PAUL BUCHHEIT FOR BUZZFLASH AT TRUTHOUT
Free-market capitalists view education in terms of products and profits. The products, to them, are our children. The profits go to savvy businesspeople who use a "freedom to choose" rallying cry to convince parents that they're somehow being cheated by an equal-opportunity public school system.
Education reformers focus on privatization, public program cutbacks, and plenty of revenue-producing testing. There are at least five truths about education reform that suggest ignorance or delusion among its adherents.
1. Privatized Education Steals from the Poor, Gives to the Rich
Eva Moskowitz makes $72 per student as CEO of the private Success Academy in New York City.
Carmen Farina makes 19 cents per student as Chancellor of New York City Public Schools.
More salary shock: The salaries of eight executives of the K12 chain, which gets over 86 percent of its profits from the taxpayers, went from $10 million to over $21 million in one year.
MARK KARLIN, EDITOR OF BUZZFLASH AT TRUTHOUT
As July 4 nears, you'll see the unusual onslaught of corporations trying to improve their brand image by associating themselves with patriotic advertising. It is important, however, to remember this June 29 Chicago Tribune headline when you see corporations go all red, white and blue: "Walgreen [Company] considers headquarters move: Is tax loophole unpatriotic?":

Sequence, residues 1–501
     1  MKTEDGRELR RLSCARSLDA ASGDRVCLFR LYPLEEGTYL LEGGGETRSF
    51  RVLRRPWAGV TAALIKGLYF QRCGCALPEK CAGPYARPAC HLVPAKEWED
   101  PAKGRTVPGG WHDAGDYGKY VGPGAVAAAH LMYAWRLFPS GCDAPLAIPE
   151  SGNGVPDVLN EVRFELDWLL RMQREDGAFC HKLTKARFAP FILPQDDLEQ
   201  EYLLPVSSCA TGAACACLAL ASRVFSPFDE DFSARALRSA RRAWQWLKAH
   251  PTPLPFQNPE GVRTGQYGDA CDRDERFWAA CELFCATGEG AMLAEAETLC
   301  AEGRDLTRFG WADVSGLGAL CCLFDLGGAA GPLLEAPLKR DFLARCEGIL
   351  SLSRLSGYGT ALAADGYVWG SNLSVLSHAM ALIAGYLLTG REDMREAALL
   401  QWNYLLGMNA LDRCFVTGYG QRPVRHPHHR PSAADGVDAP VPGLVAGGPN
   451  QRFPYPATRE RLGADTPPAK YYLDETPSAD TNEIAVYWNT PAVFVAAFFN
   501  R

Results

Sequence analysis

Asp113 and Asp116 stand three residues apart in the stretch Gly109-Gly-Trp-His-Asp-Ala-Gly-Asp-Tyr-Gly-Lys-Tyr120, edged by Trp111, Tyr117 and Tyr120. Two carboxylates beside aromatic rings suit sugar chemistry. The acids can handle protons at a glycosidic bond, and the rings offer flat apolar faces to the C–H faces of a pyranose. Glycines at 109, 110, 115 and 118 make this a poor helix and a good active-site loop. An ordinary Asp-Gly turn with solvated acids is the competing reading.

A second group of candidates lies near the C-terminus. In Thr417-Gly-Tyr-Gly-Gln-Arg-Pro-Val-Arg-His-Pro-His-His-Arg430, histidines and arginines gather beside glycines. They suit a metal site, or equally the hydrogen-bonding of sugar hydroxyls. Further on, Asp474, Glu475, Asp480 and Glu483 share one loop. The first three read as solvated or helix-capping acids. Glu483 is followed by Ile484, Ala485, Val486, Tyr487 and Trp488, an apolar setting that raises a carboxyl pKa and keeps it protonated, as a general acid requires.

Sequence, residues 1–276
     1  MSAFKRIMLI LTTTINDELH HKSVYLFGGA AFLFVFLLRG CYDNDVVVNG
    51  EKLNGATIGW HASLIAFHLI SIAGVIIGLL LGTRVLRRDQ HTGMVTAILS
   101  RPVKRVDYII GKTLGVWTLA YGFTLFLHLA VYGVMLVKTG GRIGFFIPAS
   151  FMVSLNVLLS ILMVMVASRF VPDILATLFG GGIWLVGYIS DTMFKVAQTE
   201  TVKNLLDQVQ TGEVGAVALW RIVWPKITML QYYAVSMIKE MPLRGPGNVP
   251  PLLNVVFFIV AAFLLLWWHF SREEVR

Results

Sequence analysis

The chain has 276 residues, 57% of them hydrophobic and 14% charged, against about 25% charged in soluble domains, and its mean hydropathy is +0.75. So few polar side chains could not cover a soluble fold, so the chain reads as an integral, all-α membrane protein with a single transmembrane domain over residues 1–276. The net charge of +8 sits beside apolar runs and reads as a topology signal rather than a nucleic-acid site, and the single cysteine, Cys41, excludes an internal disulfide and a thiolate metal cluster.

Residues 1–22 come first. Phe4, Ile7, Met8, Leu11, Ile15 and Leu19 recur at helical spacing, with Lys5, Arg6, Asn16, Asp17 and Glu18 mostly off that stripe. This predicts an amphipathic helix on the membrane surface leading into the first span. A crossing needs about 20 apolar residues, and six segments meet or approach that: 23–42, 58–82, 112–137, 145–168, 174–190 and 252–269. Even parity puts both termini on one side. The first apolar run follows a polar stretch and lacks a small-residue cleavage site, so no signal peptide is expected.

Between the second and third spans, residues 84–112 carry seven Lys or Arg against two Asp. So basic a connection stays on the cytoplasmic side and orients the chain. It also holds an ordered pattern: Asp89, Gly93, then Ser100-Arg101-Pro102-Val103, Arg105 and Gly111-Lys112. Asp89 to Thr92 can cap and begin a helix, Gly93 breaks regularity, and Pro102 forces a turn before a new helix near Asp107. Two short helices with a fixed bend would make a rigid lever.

The nation's largest drugstore chain is considering a move that would allow it to significantly cut its tax bill and increase profits. But it's being painted by critics as un-American for looking to make money for shareholders through financial engineering at the expense of the communities that it grew up in. Walgreen is considering a so-called corporate tax inversion, in which an American company is able to incorporate abroad by acquiring a foreign company. The buyer, in effect, becomes a subsidiary of a foreign parent.
Walgreen would accomplish an inversion by completing its purchase, which is expected to happen in early 2015, of Switzerland-based Alliance Boots and moving its corporate home to Europe's largest pharmacy chain.
The Deerfield-based company faces a tough choice, one in which it must balance profits with corporate social responsibility. By going ahead with an inversion, Walgreen would give ammunition to critics who claim the company is essentially renouncing its U.S. citizenship.
As the Tribune article makes clear, the hit to US taxpayers from the Walgreen Company alone would be significant: